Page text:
There are times when the currents from separate power distribution points need to be summed in order to read the total current being drawn from a supply.
This could be achieved by monitoring separate points either through the same recorder, or worse still, two separate recorders. In both cases the results need to be artificially summed to get the total current draw. Two problems exist with this, the first being the actual VA, VAR, kW, etc cannot be measured as "inter distribution point" currents are not taken into account.
The ideal solution would be to have the selected distribution points all supplied from one common supply, or at least all the required phases available for common clamping in one CT in order to affect measurement. This is not always practical.
Wiring CTs in series, each CT with it's own termination resistor, will only apply if the input to the recorder is greater than 1000 times the sum of all the termination resistors, this is usually an impractical figure. Wiring in parallel requires that the recorder has a near zero resistance input, this not being the norm as most fix-on or clamp-on CTs output a voltage relative to the measured current. Wiring either in series or parallel also creates a further complication if certain CTs need to be taken out of circuit.
Choosing the correct CT and using the circuit below both problems mentioned above are eliminated.
The circuit will be well known to audio buffs (specifically audio mixer designers) as it is typically used as a mixer bus amplifier as, owing to the fact the summation input is effectively a "zero ohms" point, it offers the best inter-input isolation i.e. input 1 is not affected by anything introduced on input 2 as well as each input is a constant impedance being the input resistor. In our case this allows individual CTs to be disconnected as required, with no effect on the remaining devices connected. The 10 ohm resistors and 330pF capacitor are EMC protection components and do not affect the accuracy of the summing circuit. The only factor to be borne in mind is the output is inverted in phase to the input, this is counteracted by reversing the CTs on installation.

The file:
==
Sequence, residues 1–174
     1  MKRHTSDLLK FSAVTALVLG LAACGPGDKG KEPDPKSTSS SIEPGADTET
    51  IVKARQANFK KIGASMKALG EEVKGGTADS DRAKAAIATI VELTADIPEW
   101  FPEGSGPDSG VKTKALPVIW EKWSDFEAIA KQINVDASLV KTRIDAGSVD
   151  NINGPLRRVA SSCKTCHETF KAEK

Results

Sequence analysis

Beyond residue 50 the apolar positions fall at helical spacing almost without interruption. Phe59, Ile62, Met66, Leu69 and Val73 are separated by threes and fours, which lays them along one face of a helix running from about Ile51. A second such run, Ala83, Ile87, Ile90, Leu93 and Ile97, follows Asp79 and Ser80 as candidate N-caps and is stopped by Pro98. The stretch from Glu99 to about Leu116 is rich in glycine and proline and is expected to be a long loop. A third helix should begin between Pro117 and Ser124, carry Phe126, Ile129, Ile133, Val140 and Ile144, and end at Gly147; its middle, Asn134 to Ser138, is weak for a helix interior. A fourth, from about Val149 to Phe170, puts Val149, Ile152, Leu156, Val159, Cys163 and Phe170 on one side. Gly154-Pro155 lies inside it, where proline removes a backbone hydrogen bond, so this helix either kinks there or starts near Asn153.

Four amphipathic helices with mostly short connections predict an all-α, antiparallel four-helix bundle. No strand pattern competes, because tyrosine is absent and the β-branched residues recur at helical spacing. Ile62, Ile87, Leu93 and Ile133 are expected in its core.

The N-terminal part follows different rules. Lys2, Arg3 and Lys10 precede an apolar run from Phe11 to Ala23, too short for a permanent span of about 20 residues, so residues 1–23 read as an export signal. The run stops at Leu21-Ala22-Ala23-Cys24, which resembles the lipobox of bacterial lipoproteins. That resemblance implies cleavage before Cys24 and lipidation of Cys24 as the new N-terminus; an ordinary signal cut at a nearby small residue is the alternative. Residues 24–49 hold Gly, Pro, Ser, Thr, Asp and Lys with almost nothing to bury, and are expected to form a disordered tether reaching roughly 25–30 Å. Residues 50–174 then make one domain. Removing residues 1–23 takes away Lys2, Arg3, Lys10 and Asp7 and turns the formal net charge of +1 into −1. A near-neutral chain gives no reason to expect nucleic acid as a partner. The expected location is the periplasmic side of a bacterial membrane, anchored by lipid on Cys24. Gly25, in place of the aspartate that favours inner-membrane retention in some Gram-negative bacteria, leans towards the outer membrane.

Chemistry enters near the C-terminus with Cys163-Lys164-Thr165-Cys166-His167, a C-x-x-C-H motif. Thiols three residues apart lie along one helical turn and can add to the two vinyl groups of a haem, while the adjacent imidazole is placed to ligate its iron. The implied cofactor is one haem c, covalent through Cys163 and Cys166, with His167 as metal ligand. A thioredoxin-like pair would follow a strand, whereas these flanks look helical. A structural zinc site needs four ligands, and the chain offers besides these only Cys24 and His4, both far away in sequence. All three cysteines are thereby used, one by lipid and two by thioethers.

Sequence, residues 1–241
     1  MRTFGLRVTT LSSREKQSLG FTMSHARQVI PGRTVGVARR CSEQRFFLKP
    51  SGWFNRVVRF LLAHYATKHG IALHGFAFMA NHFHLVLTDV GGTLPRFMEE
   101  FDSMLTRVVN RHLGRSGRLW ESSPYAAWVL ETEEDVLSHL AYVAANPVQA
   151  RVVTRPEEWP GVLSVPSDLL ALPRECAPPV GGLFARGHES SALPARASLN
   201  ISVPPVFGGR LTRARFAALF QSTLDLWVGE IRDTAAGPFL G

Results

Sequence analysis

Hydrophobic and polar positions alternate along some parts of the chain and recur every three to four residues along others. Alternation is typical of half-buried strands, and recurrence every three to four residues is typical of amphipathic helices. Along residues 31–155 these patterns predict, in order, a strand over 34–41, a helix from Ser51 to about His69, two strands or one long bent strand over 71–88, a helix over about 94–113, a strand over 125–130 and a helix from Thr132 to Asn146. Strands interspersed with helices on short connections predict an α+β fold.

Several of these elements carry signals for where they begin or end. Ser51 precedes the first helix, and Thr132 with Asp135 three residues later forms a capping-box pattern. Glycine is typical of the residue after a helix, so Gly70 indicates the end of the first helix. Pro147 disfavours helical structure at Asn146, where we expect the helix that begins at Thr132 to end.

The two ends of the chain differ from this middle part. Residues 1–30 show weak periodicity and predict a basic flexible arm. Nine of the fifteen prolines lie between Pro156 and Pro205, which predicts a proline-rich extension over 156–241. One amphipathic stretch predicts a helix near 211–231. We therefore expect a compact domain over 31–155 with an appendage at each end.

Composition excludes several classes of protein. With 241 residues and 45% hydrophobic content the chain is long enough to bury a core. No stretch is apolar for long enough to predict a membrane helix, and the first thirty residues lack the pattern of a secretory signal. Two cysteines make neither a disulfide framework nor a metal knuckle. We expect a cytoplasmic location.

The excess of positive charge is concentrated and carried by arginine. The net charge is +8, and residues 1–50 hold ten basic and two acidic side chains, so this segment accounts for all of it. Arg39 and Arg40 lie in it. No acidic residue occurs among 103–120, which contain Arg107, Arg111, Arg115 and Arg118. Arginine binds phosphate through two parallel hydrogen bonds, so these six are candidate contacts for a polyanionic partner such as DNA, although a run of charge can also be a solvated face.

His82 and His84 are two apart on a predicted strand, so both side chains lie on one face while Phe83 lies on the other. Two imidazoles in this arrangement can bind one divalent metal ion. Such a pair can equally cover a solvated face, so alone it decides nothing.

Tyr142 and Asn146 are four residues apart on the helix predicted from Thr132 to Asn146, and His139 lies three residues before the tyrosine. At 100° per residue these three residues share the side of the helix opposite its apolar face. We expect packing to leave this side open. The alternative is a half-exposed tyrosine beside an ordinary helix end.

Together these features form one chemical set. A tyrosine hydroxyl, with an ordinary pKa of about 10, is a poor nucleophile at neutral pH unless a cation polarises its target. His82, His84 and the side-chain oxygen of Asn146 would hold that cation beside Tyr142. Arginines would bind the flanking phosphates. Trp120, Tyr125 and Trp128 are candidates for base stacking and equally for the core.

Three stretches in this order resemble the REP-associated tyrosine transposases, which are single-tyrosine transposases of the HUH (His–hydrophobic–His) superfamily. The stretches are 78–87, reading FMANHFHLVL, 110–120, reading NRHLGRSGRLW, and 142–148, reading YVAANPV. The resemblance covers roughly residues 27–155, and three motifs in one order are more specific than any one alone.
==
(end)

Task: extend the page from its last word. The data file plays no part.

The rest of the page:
Choosing the CT
In our example using the 1:2000 ratio would result in 1mA on the input for every 2A measured, or 2.5mA for 5A (the full scale of the smallest available CT). This would result in an output of 1V and 2.5V respectively. By choosing the correct ratio and feedback resistor the desired range can be achieved. It is not advisable to have a feedback resistor of lower than 500Ω or greater than 5kΩ.
And then came practice
There were some surprising results. We had a slight phase shift (expected) which was leading in phase (unexpected - remember, we're dealing with inductors) but this increased with using the CT in the usual "current to voltage" mode (very unexpected). Quickly explained, this is the mode when a resistor is placed in parallel with the secondary and the voltage generated across the resistor is measured and taken as the current. Our results showed the higher the value of the resistor the worse the phase error. This seemed to prove the use of the current to voltage convertor shown above i.e. to feed the CT into zero ohms, is the proper way to interface to a CT.
To add further backing to this statement, by feeding the CT into a 'dead short' there is almost no chance the CT can saturate as can occur with a resistor across the secondary. The saturation occurs as there is a transfer of power from the primary (single turn) to the secondary and into the resistor. Should the amount of power being transferred exceed the amount 'deliverable' by the core it will saturate.
At the end of the day we found the circuit coupled to the CTs supplied by Sentran exhibited an accuracy of 0.1% at 50Hz and better than 0.5% at 5000Hz (attributed to the 330pF cap in the feedback path). Also, a 1.25 degree leading phase error at 50Hz which disappeared (i.e. 0 phase error) at 200Hz through to 5000Hz i.e. an ability to measure to the 100th harmonic accurately.
A further application of this circuit is for measuring leakage currents where it is not possible to physically bring the conductors together through one low current CT. The CTs need to be tested for best match. If absolute accuracy is required, especially if the circuit is being used for leakage detection, then slight CT imbalances can be nulled out using a 4.7Ω for R1 and 10Ω presets in place of R2..R4.